Collections: Mundelein College Collection—Sister Therese Langerbeck Files

Miram P Cooney, CSC., Papers

Alice Bourke Hayes, PhD., Papers

Katherine DeLage Taft

For the mischief-makersThe Trouble with Angels by Jane Trahey

Originally entitled Life with Mother Superior, this fictionalized memoir by Mundelein Alumnae Jane Trahey describes the shenanigans of two rebellious young women attending a Catholic all girls boarding school. The book was made into a feature film in 1966 starring Hayley Mills as the main troublemaker Mary Clancy and Rosalind Russell as the domineering Mother Superior. If you can get your hands on this book (it’s out of print), you’re in for a light-hearted, nostalgic comedy perfect for laying out pool-side.

Collections: Mundelein College Collection – Jane Trahey Files

For the hopeless romanticsLetters from Home – Kristina McMorris

Sometimes all you want from a good summer read is a juicy historical romance novel. Based in Chicago during World War II, this love story highlights a couple whose only way to communicate with one another is through letters. To add a Shakespearean twist, the main character, Liz Stephens, falls in love with her pen pal while pretending to be someone else! If love letters are your thing, come in and look at the Mollie Leiber West Collection. The WLA holds scores of letters from Mollie to her husband Carl Leiber when they were separated by WWII. Their own tragic love story is not unlike one you would read in an especially romantic novel!

Collections: Mollie Leiber West Papers

 


 

EllenProfilePic
Ellen is a Graduate Assistant at the WLA and is in the first year of her M.A in Public History at Loyola University Chicago. Before moving to Chicago, Ellen was a Kindergarten teacher in Louisiana. She enjoys brunch, procedural dramas, and pugs.

 


Loyola University Chicago’s Women and Leadership Archives Blog is designed to provide a positive environment for the Loyola community to discuss important issues and ideas. Differences of opinion are encouraged. We invite comments in response to posts and ask that you write in a civil and respectful manner. All comments will be screened for tone and content and must include the first and last name of the author and a valid email address. The appearance of comments on the blog does not imply the University’s endorsement or acceptance of views expressed.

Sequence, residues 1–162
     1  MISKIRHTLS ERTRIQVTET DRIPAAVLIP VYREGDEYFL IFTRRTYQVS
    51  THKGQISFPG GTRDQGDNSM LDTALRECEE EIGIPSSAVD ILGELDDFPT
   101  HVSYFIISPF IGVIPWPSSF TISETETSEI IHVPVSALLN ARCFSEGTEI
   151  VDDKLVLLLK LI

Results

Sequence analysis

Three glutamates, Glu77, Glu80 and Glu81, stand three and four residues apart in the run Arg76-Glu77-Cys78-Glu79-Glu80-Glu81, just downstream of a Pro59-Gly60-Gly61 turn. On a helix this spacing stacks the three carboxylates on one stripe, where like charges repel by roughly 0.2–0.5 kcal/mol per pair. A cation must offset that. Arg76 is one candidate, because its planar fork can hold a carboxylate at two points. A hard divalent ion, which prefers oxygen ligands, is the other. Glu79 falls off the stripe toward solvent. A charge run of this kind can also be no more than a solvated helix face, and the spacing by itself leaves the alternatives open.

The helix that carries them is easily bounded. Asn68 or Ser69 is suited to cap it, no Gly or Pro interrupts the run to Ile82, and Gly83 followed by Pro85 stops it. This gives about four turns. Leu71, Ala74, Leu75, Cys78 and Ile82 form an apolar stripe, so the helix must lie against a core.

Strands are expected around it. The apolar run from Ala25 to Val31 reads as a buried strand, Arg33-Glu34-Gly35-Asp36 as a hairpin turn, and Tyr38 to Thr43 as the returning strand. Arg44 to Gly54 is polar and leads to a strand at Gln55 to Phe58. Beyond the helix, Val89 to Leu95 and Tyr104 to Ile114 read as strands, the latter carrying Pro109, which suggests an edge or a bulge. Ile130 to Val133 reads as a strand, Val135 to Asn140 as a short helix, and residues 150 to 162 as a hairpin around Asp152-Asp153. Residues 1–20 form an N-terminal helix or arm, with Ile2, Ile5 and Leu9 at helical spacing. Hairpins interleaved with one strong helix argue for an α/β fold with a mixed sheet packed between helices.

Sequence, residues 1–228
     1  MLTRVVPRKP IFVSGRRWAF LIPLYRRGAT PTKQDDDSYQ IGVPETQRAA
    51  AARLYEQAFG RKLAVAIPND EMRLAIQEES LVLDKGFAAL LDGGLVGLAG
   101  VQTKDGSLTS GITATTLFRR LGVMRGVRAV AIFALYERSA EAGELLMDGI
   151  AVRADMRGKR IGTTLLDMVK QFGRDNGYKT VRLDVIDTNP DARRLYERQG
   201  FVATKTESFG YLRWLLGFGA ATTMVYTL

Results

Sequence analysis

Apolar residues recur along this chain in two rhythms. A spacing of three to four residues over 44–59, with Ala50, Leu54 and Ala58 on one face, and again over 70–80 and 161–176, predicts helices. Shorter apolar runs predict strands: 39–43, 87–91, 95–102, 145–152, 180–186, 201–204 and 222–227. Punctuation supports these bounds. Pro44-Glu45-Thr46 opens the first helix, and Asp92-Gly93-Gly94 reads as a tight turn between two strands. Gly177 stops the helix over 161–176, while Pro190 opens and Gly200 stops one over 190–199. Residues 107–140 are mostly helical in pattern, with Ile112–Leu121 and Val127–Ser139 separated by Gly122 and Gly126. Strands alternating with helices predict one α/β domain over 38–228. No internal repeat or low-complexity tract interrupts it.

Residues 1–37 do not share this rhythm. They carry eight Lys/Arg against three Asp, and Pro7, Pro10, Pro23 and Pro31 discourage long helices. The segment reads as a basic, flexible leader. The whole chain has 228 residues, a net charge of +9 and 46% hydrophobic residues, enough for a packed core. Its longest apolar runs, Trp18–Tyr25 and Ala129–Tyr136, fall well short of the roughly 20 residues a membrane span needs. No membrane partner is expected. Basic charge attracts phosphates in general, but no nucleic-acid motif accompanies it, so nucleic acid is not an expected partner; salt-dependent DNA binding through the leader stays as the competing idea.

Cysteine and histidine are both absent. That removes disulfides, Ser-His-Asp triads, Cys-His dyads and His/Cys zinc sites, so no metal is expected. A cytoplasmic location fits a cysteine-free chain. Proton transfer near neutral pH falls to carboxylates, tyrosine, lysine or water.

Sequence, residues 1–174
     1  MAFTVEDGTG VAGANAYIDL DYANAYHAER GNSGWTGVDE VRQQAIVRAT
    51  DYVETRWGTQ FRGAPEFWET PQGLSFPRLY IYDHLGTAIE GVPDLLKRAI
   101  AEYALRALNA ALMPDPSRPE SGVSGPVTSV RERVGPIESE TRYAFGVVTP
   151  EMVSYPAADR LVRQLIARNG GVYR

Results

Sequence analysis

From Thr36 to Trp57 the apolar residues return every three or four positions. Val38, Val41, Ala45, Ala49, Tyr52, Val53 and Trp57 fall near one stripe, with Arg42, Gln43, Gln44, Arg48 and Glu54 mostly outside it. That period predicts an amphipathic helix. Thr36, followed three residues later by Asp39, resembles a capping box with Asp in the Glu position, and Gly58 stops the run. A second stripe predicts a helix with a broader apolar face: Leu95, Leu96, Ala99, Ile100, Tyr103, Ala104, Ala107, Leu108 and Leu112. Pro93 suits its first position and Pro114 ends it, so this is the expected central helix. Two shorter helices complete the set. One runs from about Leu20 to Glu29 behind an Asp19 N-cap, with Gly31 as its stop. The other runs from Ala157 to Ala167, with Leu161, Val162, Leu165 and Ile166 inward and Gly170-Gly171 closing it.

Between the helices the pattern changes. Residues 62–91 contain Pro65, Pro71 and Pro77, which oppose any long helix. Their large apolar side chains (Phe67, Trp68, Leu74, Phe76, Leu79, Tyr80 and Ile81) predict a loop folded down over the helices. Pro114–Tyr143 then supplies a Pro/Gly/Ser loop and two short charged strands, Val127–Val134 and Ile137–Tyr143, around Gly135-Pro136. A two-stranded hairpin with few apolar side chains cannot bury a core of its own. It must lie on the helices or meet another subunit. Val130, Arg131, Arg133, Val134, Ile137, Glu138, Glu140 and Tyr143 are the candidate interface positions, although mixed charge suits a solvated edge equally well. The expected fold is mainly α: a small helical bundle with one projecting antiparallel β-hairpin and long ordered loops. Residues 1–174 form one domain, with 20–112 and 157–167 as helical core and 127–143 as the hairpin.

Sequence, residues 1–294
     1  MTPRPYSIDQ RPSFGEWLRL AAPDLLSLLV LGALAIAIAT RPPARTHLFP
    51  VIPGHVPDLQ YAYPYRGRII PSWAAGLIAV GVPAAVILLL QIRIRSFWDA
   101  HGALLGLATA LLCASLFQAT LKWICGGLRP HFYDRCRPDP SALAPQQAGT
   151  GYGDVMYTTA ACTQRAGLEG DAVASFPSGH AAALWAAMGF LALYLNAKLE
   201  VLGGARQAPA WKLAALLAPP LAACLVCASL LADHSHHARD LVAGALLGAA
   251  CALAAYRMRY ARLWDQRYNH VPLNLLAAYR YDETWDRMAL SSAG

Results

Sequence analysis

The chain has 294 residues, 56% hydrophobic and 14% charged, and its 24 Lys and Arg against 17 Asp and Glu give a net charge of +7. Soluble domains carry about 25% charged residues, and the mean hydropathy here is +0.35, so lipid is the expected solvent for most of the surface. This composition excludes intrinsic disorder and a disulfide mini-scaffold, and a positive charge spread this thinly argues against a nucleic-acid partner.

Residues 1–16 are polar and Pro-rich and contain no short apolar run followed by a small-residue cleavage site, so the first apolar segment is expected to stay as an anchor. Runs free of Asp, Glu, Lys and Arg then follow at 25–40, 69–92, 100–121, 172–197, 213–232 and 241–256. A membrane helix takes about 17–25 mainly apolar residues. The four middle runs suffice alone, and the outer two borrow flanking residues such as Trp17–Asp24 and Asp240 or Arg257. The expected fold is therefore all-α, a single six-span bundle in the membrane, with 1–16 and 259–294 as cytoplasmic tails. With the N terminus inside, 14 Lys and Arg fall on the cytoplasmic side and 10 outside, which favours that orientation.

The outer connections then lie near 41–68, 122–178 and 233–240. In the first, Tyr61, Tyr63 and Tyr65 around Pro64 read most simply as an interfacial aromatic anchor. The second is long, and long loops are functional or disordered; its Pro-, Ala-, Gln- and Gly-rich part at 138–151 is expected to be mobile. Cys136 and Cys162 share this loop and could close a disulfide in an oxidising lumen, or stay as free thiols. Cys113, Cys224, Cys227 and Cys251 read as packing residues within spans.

Found in the Archives: A Message From Your Man in Service

This summer, I am working on the Women and Labor project, a new collaborative project in which I’m using the Mollie Lieber West Papers to create an online exhibit about the life of Mollie and the contributions of women in the labor movement. While I research the history of labor unions, women in the workforce, and Chicago in the 20th century, I am also learning more and more about Mollie West and finding so many cool things in her collection.

Along with Mollie’s many amazing accomplishments in the labor movement and endless stories of her bravery and dedication to social justice, her life included a beautiful love story that is told through letters, objects, and other materials in the collection.

Mollie and Carl Lieber met while working for a newspaper and were married in 1940. Carl volunteered for the Army in 1943.

Mollie and Carl Lieber met while working for a newspaper and were married in 1940. Carl volunteered to join the Army in 1943.

Among Mollie’s papers, there is a small vinyl record. The label has an old Pepsi-Cola logo on it and says, “This is a recorded message from your man in service.” This 78 RPM record holds a sweet audio message from Carl Lieber, Mollie’s first husband, sent to her while he was serving in the Army.

During World War II, Americans joined together to help each other and the servicemen fighting overseas, including companies like Pepsi. From my internet research I learned that Pepsi ran canteens in New York, San Francisco, and Washington, D.C. that provided meals, showers, and other services to military men and women. They also set up recording booths in these canteens and sent a traveling recording booth to other military camps where millions of soldiers were able to create these wonderful audio letters to send to their loved ones. Online, I’ve found people talking about records they’ve found that were recorded in Louisiana, California, and Mississippi.

(Note: This blog post is not an endorsement for Pepsi. While this service they provided likely brought joy to many, companies also benefited from creating a patriotic image and connecting their products to the idea of victory in the war.)

The envelope in which the vinyl record was mailed.

The envelope in which the vinyl record was mailed.

These records were sent from bases and training camps in the United States while soldiers waited to be sent to the war.